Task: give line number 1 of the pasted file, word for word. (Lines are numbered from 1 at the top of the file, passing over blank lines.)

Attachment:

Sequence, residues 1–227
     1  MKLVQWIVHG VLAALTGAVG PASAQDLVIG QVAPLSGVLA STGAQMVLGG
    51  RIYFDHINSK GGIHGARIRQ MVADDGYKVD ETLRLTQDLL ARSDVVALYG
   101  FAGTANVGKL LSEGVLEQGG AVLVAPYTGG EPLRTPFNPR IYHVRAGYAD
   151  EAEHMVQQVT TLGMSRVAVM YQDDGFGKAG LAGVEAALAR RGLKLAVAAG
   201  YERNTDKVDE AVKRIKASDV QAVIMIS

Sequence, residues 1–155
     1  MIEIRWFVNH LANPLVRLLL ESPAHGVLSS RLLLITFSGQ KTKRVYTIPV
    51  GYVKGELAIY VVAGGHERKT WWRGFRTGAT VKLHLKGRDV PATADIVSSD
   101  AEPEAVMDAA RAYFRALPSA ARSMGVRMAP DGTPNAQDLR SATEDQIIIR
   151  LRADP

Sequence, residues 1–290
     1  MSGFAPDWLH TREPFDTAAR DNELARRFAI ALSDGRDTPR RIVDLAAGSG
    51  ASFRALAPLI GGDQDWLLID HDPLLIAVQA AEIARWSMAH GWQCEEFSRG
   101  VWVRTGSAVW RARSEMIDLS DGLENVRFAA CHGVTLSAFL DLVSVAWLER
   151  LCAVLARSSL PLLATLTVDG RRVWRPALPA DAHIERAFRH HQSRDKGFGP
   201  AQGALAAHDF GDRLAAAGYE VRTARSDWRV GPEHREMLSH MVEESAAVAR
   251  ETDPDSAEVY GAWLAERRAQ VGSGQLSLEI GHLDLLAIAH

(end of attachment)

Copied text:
Sequence, residues 1–227